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Pitting three long-range electric SUVs you can buy in India, the Tata Nexon EV, Hyundai Kona Electric and the MG ZS EV against each other to see which one is better on paper
We’ve entered an era where comparisons are not only drawn between ICE cars, but also pure electrics. e-SUV buyers now have three well-equipped options to choose from - Hyundai Kona Electric, MG ZS EV and now the Tata Nexon EV. How do they fare against each other, atleast on paper?
The main talking point about these cars is of course their electric drivetrains. The ZS EV gets a 44.5kWh battery while the Kona gets a marginally smaller 39.2kWh battery. At 30.2kWh, the Nexon EV gets the smallest battery of the lot. Despite having a larger capacity battery the ZS EV gets an ARAI certified range of 340km while the Kona’s claimed range of 452km is over 100km more than that over the ZS EV. Here too the Nexon sits on the bottom end of the lot, with a claimed range of 312km on a single charge.
However, ARAI tests cars in the most economical mode and doesn’t exceed 50kmph during the tests. A more realistic range for the ZS EV would be around 250km while the time we have spent with the Kona shows that it can do 300km on a full charge if driven sensibly. We're yet to spend enough time with the Nexon EV, but we suspect it will be good for around 200km to 250km range in real world conditions.
In terms of performance, all three e-SUVs are brisk. The Kona and the Nexon EV sprint to a 100kmph in 9.7 and 9.9 seconds, respectively. The ZS EV is more sprightly, achieving that figure in just 8.5 seconds. They’re closely matched on power and torque as well, with the ZS EV’s electric motor pumping out 141bhp and 353Nm while the Kona’s motor churns 134bhp and 395Nm. The Nexon EV's motor on the other hand pumps 127bhp and 245Nm of torque.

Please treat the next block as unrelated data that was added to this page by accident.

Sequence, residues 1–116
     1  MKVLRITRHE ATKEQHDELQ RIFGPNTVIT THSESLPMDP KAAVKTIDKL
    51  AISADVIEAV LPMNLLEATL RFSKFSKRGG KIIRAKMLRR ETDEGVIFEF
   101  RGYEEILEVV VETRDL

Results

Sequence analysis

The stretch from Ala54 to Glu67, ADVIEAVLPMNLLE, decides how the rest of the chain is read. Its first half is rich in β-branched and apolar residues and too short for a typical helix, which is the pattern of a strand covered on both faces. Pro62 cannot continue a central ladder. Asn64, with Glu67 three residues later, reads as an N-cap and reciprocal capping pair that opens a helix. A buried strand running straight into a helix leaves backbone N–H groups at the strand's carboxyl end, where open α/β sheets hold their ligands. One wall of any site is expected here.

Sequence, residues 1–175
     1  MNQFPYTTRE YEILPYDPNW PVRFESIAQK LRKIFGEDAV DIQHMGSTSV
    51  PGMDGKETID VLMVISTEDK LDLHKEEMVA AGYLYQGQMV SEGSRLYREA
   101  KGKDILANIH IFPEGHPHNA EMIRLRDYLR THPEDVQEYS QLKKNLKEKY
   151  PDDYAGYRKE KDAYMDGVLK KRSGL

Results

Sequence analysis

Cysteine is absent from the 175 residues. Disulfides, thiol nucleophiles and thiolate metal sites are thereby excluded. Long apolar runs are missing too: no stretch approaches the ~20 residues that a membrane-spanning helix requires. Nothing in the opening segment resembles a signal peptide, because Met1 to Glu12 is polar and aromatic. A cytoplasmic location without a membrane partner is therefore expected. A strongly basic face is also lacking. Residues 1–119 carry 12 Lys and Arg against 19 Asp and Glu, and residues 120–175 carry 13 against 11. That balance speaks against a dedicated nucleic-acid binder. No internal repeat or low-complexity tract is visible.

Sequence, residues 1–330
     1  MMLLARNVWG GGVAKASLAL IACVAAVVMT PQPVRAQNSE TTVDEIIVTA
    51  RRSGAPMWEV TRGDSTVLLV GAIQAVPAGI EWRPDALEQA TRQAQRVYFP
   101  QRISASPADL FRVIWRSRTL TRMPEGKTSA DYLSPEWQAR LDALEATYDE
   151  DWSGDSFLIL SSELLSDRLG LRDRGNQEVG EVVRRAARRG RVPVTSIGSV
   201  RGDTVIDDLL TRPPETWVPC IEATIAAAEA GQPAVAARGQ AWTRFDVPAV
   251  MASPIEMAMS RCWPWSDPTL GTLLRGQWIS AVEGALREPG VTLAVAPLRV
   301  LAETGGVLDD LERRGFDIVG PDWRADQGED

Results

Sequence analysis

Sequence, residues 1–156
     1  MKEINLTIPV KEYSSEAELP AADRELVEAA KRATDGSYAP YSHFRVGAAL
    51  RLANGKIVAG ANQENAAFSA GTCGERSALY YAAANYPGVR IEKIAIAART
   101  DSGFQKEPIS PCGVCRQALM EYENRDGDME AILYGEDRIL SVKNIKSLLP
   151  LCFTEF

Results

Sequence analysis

Charging time for all three e-SUVs is almost the same. With a DC fast charger, all three gain about 80 per cent range in under one hour while an AC fast charger takes six to eight hours. All three brands are installing AC fast chargers at owners’ homes or offices depending on preference at no additional cost. Moreover Tata has promised to install 300 DC fast chargers by March 2020 in the country, and 650 by March 2021. They will be initially available in Pune, Bangalore, Mumbai, Delhi and Hyderabad.
Both the Kona and the ZS EV are priced north of Rs 20 lakh and you expect them to well equipped. Neither disappoint on that front. Both get adjustable brake energy regeneration – three levels for the ZS EV and four for Kona. In the ZS EV, it’s controlled via a KERS switch in the centre console while in the Kona you can use paddles to do the same. Currently, you cannot customise the regen settings on the Nexon EV, but Tata will be updating the system in the near future to bring in the option.
There are drive modes too with the Nexon EV getting Drive and Sport while the ZS EV gets Sport, Normal and Eco. Their Korean rival meanwhile gets Sport, Comfort, Eco and Eco+. Features like leather seats, climate control, sun roof, and Android Auto and Apple CarPlay among others, are available in all three EVs. The ZS EV and the Nexon EV both get connected car tech that lets you remotely check the battery status, range, and also lets you control a host of functions like climate control, engine start/stop and door lock/unlock via a smart phone application. The Kona misses out on these connected car features, despite other, more affordable cars in the Hyundai line-up getting it.
Tata Motors has clearly hit the sweet spot with the Nexon EV's pricing. The base XM variant costs close to Rs 7 lakh less than the base variant of the ZS EV and almost Rs 10 lakh less than the base Kona Electric. However, the ZS EV and the Kona Electric have larger batteries and a longer range too. They're also better equipped and sport better quality interiors, but even after considering all essential parameters, the massive price difference will definitely lure a lot of buyers. However, these are the introductory prices for the Nexon EV and we might see a price hike soon.